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date: 19 February 2019

Abstract and Keywords

The illegal wildlife trade is a growing problem driven by a number of factors (e.g. subsistence, alternative medicine, accessories, the pet trade). High demand for illicit wildlife products is threatening the existence of many of the most-endangered species. By unsustainably removing coveted species from the wild, communities that depend on such species for subsistence or eco-tourism will be adversely impacted by depleting populations. Laws and regulations have been implemented over the years, most notably CITES, to regulate the commercial trade in wildlife and prohibit trade in other species that are at-risk of overexploitation albeit with mixed success. Criminologists have recently entered the fold and provided insight to the wildlife trade through various perspectives. Researchers are beginning to better understand why and how the trade operates and what solutions might be implemented to reduce it. The article ends with implications for future research.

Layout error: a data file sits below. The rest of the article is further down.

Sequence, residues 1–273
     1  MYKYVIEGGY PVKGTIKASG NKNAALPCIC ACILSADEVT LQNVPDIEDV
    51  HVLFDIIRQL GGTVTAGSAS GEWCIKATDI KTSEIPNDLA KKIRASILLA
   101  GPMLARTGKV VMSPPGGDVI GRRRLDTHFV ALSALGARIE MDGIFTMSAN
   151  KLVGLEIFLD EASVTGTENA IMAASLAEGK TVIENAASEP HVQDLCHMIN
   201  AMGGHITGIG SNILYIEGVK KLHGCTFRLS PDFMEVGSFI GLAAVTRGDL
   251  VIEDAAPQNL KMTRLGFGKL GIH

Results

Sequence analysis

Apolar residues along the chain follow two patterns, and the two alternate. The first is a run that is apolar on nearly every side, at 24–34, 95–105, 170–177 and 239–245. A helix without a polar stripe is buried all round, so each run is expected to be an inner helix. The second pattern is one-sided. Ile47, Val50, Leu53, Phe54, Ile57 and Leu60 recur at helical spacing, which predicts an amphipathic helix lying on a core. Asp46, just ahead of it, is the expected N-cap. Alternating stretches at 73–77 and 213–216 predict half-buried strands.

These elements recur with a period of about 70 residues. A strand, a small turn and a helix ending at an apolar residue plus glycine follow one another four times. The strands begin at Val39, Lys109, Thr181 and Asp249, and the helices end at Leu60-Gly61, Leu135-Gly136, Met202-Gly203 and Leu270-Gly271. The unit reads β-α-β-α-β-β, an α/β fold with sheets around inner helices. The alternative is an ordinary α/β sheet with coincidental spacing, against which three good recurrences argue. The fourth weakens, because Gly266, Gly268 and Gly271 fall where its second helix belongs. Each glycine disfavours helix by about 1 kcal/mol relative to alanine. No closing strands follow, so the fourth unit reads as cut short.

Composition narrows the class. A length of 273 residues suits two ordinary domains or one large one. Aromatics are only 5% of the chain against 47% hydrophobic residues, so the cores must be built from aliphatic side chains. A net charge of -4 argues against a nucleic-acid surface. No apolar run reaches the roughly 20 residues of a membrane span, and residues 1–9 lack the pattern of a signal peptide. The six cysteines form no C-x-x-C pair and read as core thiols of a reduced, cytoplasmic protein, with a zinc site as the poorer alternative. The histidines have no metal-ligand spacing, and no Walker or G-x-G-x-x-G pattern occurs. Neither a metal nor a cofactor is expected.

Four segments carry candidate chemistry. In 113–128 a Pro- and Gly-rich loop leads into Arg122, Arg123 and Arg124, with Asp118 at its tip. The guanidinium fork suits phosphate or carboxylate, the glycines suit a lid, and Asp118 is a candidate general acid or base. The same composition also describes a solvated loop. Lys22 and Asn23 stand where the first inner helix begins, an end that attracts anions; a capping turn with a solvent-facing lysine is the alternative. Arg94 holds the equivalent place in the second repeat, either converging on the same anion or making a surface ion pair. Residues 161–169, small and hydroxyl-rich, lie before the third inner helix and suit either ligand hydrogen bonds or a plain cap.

Keywords: wildlife crime, environmental criminology, green criminology, conservation criminology, poach, trafficking

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